Spending on Aviation Fuel to Reduce in 2015

A sharp decline in the price of aviation fuel has been projected by aviation experts and stakeholders, also known as JET A1. They opined that 50% fall in price of crude oil will prompt a decline in the JET A1, which comprise 40% of operating cost of airlines in the country.
The price of oil has now dropped more than 40% from “a peak of $107 in June”, which prompted the conclusion by the Geneva-based International Air Transport Association, IATA, that net profit of airlines globally would rise to $25 billion (15.9 billion pounds) in 2015, which give a profit margin of 3.2%. IATA represents around 250 airlines accounting for 84% of universal air traffic.
According to aviation experts, the last time a margin nearly that high reported by the industry was in 2010, when it reached 3.1%.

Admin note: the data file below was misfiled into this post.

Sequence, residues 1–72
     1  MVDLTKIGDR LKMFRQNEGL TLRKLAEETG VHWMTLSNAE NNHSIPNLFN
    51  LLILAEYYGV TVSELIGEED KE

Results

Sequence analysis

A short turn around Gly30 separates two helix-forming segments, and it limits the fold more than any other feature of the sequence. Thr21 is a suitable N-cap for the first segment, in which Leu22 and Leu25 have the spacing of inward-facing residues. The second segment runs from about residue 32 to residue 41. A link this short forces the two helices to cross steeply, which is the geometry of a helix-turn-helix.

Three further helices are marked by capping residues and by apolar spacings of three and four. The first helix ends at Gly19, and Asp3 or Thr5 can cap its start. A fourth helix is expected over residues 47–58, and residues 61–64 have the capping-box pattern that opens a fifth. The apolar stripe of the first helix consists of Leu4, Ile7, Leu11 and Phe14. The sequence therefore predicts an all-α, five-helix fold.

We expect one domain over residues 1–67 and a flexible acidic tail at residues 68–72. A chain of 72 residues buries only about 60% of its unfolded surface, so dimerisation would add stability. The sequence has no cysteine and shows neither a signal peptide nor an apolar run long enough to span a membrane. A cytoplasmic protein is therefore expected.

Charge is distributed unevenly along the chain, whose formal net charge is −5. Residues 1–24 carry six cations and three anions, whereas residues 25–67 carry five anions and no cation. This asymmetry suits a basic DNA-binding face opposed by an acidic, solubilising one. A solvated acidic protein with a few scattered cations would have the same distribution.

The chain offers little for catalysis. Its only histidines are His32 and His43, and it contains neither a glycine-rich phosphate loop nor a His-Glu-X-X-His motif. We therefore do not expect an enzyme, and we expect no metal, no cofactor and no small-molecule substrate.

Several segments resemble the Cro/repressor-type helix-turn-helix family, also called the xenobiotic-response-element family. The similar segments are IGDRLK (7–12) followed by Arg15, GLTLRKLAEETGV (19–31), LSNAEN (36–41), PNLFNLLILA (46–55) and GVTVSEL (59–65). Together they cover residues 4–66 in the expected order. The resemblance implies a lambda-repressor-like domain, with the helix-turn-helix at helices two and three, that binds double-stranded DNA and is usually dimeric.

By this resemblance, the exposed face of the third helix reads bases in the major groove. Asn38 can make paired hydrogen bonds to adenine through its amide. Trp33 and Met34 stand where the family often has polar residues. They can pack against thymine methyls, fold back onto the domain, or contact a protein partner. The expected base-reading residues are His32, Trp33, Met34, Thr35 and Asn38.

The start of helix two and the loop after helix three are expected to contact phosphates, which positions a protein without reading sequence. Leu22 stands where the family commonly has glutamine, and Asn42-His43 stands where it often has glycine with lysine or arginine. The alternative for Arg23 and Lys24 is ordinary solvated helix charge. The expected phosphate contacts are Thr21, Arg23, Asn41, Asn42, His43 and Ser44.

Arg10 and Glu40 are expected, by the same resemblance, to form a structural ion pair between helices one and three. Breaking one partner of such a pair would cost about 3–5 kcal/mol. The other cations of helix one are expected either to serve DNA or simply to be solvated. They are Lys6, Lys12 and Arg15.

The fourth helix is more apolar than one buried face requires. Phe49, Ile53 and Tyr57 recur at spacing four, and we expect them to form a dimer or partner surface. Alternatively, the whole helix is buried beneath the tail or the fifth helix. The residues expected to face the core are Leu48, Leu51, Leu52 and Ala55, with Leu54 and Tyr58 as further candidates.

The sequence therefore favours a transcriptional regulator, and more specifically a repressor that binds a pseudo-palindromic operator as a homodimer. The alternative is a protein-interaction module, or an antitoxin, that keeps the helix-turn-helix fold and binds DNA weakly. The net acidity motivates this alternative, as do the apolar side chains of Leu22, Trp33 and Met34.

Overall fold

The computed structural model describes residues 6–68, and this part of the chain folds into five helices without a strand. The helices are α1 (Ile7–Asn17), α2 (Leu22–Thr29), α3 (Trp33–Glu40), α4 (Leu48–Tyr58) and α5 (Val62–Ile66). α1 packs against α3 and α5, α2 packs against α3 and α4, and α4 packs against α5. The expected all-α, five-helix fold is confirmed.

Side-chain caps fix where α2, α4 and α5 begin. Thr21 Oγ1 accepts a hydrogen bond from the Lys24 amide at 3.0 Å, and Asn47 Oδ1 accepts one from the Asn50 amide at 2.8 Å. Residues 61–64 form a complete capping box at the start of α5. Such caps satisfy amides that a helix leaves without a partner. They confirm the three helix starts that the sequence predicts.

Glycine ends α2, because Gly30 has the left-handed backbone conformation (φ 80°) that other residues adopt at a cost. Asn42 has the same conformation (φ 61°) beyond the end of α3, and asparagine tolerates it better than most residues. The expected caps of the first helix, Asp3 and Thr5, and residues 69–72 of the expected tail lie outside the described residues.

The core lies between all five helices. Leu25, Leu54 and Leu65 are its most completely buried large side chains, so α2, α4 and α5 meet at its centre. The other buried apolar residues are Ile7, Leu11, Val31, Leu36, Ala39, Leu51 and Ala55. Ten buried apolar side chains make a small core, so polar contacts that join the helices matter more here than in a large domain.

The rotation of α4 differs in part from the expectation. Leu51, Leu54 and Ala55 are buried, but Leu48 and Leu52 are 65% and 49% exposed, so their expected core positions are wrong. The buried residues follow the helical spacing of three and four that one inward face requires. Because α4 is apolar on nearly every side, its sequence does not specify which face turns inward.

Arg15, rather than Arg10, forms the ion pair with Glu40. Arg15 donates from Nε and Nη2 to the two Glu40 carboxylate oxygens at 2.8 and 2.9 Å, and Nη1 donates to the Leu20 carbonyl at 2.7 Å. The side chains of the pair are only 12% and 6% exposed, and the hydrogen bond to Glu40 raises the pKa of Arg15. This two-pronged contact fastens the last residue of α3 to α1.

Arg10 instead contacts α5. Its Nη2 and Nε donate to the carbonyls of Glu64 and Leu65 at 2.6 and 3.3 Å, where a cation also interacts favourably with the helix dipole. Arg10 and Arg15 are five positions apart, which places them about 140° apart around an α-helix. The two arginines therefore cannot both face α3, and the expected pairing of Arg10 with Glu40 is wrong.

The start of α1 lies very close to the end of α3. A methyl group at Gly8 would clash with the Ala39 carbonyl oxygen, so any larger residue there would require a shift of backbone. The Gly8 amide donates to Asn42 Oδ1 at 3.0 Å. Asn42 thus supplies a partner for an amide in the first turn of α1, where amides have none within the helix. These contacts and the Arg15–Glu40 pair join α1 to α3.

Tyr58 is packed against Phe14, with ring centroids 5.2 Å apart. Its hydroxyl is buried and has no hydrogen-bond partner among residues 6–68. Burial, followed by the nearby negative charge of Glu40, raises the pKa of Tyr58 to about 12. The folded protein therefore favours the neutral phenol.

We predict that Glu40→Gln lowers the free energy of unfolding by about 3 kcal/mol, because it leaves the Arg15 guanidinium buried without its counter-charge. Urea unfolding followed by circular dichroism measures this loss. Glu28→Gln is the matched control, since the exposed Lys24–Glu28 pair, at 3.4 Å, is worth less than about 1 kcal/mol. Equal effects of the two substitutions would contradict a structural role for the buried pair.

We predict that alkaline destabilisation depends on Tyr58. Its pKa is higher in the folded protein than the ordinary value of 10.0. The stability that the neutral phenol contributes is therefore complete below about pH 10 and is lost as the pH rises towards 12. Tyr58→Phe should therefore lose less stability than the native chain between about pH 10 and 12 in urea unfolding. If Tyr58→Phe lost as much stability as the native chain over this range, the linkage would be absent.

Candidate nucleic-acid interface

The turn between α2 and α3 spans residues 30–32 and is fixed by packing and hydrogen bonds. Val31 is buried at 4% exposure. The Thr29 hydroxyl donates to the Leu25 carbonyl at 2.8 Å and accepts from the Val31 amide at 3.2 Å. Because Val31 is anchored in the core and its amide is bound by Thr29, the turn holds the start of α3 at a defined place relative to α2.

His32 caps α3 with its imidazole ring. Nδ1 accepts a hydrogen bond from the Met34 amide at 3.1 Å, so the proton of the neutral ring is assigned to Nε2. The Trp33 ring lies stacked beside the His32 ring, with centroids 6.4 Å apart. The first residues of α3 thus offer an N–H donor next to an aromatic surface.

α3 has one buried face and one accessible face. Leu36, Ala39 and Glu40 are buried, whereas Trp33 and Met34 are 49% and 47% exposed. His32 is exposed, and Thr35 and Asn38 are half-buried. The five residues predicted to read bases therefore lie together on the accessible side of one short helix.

IATA Director General Tony Tyler said “the industry outlook is improving. The global economy continues to recover and the fall in oil prices should strengthen the upturn next year”.
Tyler disclosed that a 3.2% net profit margin does not leave much room for deterioration in the external environment before profits are struck. He also said “Airlines’ spending on fuel will drop to $192 billion in 2015, from an expected $204 billion this year”.
Meanwhile, Aviation unions as well as other stakeholders have called on the Federal Government to brace up and ensure that the sector improves beyond what it attained in 2014.
 Managing Director of the Centre for Aviation Safety and Research, Engineer Sheri Kyari said that aviation security is one of the areas that the government should look into by ensuring that security personnel are well trained.
The stakeholders called on the federal government to maintain and improve safety standard attained in the industry this year.